Interview by Arnold van der Walt
Cape Town-based producer Ryan Murgatroyd has been a part of the music industry for a while and has been part of some of South Africa’s most successful electronic groups like Crazy White Boy and Bantwanas. Even as a solo artist, his music can be heard in clubs and at festivals all over.
His single ‘Funk Country ft Tasha Baxter’ made the international community take note of his work after it was BBC1 Radio’s “essential new tune” on Pete Tong’s show. He recently signed with worldwide tastemaker label Get Physical which is based in Berlin. It’s clear that he is on the fast track for international fame.
We sat down to chat to Ryan Murgatroyd ahead of his performance at SpiltMilk 2018:
Set the tone for us. Why the arts?
Let’s be honest, I didn’t have an exciting career in accounting planned, nor would any right minded corporate let me near their offices. I always knew it would be music, at least for the first half of my life. I think electronic music producers need to be a bit more indulgent, actually, more like true artists trying to push boundaries.
Which comes first when you’re producing – the sound or the idea?
Every project starts at a different place. I often work from the musicality, writing a couple of chords or melodic elements, then into sound design, and from there a theme emerges and I follow that through to the end.
Do you prefer working alone or doing a collab with someone?
I always worked alone for the Murgatroyd project, but as its become bigger and the demand for music is so strong, I’ve been introducing more people to the team. So for the last 2 years, I usually have an engineer I trust sitting in on the final mixes and making sure I’m not going off on a sonic tangent, and there is a whole team of people from managers and label A&R people that get to have their 2 cents about how my songs are arranged and produced, so at this level of the game you are never really working alone, per se. That being said I still value those solo sessions, when its really quiet and everyone else is sleeping and you are on fire in the studio, no one else to high five.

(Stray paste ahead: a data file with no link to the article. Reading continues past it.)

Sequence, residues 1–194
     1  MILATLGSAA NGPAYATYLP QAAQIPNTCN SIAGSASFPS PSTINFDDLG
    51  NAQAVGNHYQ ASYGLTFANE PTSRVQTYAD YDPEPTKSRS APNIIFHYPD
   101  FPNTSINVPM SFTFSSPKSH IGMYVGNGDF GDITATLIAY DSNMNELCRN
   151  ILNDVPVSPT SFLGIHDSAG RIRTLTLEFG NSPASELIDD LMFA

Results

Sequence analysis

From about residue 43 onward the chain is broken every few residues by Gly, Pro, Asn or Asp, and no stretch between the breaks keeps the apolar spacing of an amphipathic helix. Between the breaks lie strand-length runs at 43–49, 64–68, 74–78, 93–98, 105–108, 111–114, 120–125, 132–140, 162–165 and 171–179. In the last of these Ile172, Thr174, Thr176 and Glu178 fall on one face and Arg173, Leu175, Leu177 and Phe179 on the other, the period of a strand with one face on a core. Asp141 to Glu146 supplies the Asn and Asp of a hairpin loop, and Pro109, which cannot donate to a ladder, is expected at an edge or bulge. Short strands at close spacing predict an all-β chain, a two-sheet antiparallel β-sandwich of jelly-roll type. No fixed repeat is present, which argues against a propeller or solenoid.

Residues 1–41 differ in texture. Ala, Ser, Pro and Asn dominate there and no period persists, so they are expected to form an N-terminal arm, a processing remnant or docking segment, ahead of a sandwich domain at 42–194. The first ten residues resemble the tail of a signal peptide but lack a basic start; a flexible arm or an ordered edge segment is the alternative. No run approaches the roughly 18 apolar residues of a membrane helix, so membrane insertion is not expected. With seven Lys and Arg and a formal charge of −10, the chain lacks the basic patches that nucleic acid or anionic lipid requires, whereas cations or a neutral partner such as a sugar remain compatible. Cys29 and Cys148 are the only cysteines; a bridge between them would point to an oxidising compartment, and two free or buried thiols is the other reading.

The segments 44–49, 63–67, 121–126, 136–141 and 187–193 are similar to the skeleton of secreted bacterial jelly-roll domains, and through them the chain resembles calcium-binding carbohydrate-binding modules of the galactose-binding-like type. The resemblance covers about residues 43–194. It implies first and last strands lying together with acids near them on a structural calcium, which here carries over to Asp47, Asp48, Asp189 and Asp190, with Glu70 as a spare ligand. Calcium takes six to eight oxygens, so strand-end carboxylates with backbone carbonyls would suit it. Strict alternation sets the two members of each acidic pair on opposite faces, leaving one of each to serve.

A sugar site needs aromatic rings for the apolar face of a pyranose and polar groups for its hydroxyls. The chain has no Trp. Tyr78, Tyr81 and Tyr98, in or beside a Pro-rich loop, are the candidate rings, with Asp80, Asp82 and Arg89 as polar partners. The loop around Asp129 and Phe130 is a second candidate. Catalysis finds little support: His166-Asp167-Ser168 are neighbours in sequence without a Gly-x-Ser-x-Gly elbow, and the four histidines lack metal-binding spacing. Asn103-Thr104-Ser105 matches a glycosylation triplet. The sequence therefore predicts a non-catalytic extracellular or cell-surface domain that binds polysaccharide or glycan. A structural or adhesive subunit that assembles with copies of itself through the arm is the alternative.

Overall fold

What’s on your current playlist?
I try very hard not to listen to anyone else’s music. It can be a distraction if you are deep in the zone on your own projects. But lately I’m enjoying a lot of down tempo stuff, Jon Hopkins sorta electronica, always Nils Frahm for musical inspiration, And a lot of old school disco and soul music.
Tell us about the chemistry you have with your fans on stage.
Look, to be entirely honest, live shows vary tremendously. Because there is SO much technical stuff going on, so many different things to do; I sometimes get completely immersed in the performance and forget that at the end of the day we are here to entertain people as much as we are to educate them musically. So a huge part of the new show is actually reconnecting with the crowd, and letting them feel how much you are enjoying the performance. People often say I look serious on stage and that’s just my hardcore concentration face; it’s like resting bitch face, I can’t help it. What does help though, is proper preparation, it lets me play smoother, more action, less thinking, and I think that’s what people really connect with on stage.
What techniques do you experiment with to get your original sound?
Well every artist has to have his tools that make up their palette. Mine are no secret… I use tonnes of Omnisphere, a load of NI realtor, tonnes of hardware like Moog mother 32s and DSI prophets, and a bunch more stuff and then I try to route it and record it and play it and sequence it in unusual ways. I don’t want to bore people with nerd speak but there is a lot of fuckery that needs to go on in order to make sounds that people haven’t heard a million times, and I take great pride in doing so.
Take us through a day in the recording studio.